Tag : Anna Schnur-Fishman

The Lilith Blog

December 3, 2008 by


While in China this summer, I read as much as I could about the country’s “orphan problem.” I particularly loved The Lost Daughters of China, written by Karin Evans, an American adoptive mom of a Chinese baby girl.

Evans’ book overflows with perspectives personal, academic, and literary. She talks about how the complete unprecedented-ness of this international exchange that brings babies from poor, rural families on one side of the earth to grow up with upper-middle-class families, usually of a different race and culture, on the other side of the earth (30,000 in America alone); shares an adoption researcher’s belief that adoption does important work stretching the notion of “family”; quotes a poet who addresses “these women of the world’s first international female diaspora”; and discusses the hundreds of thousands of women “missing,” scientifically speaking, from the world’s population.

What this means is that in many countries, especially in East and South Asia and the Middle East, there are not as many women in the population as are biologically expected: in nature, a birth rate of about 105 males to every 100 females and a better survival rate for females yield a nearly 1:1 ratio.

I had heard of China’s “gender gap” before, and I knew about female infanticide in China and of gender-selective abortions there and elsewhere (India especially), but I had never thought of the women missing as just that…real, individual people, people of all ages, across the world, who aren’t where they should be.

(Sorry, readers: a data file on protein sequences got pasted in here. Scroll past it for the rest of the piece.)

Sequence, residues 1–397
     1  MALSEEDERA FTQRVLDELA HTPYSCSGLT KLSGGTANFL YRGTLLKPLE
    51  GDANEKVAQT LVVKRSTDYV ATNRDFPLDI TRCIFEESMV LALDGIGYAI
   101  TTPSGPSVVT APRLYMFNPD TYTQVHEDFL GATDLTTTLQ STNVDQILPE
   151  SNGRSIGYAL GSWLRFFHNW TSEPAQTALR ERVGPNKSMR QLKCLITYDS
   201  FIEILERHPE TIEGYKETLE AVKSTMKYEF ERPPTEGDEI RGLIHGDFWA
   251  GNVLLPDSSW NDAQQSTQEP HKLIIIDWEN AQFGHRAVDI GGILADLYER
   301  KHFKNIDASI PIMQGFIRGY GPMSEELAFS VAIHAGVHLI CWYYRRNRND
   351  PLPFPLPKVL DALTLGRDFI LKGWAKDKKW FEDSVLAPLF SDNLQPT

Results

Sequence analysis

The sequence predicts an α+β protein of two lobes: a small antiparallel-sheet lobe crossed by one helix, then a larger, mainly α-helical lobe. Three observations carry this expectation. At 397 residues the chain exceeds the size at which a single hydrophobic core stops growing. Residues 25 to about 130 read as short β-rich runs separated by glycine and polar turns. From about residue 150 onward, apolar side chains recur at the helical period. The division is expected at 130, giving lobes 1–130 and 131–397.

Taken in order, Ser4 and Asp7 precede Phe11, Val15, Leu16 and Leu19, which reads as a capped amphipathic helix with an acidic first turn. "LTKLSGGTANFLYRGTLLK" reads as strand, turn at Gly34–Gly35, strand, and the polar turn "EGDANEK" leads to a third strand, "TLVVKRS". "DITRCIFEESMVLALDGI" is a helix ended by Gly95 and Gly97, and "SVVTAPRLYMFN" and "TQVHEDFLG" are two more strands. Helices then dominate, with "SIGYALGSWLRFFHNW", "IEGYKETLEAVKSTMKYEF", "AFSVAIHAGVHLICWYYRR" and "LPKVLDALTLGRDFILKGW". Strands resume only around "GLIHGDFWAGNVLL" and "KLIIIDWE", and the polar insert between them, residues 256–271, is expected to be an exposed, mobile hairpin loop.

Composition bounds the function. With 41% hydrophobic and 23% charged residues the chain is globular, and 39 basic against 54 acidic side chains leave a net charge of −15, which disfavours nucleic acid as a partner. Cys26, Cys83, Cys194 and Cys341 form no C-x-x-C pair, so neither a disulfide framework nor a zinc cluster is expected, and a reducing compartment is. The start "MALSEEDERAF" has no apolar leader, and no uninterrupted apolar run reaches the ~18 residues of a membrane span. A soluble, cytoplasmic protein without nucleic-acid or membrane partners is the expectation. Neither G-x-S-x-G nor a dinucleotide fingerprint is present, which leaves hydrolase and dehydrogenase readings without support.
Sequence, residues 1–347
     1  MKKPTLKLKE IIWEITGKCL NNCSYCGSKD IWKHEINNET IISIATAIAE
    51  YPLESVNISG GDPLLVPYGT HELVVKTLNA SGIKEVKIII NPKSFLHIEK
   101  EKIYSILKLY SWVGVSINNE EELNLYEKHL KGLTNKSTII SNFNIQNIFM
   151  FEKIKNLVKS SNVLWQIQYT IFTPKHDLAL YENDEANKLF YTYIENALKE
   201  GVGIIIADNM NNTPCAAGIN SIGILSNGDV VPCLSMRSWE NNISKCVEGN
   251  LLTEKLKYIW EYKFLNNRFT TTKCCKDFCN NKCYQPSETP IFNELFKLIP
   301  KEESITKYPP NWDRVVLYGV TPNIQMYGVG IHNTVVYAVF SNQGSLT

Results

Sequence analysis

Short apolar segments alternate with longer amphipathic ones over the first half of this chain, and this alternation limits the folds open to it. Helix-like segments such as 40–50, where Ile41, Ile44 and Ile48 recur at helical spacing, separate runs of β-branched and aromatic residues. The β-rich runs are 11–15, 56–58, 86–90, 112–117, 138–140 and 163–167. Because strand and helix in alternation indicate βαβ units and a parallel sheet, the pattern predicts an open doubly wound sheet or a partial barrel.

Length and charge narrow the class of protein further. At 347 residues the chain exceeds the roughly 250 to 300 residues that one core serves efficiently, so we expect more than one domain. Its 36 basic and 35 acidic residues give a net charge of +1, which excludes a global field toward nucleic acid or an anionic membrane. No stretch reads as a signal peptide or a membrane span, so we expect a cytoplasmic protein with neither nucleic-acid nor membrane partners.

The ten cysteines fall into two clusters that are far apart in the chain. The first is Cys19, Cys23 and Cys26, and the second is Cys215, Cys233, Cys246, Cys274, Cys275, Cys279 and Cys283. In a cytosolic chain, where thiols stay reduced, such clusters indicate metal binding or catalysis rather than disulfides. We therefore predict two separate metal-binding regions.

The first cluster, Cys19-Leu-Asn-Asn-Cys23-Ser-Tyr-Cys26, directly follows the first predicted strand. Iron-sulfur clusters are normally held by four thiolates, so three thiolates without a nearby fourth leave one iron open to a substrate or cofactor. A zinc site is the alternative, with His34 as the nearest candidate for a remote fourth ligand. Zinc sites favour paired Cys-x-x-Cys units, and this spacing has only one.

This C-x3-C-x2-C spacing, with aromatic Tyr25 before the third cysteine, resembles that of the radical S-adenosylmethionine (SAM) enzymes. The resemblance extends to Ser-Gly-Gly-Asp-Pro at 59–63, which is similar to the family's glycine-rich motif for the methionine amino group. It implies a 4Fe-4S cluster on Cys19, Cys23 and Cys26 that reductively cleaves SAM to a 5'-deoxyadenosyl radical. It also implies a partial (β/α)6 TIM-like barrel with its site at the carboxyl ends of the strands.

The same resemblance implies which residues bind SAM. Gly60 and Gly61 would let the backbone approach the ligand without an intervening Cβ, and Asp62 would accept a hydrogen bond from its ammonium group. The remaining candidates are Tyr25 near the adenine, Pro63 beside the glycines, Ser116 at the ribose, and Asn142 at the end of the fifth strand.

In China, old women, who were killed as infants in the 1930s and 40s, are “missing”; middle-aged women are “missing,” whose brothers were more likely to get their family’s last bits of food during the famine of 1958-61; girls and young women are “missing” from the advent of sex-determining ultrasound (since outlawed); and females of all ages who have been the victims of poorer health care, nutrition, and basic care than those received by their male counterparts are “missing.”

This is so haunting. I was glad Evans educated me about these women so I could think about them, honor their memory. In hindsight, the idea of not knowing about them made me sick.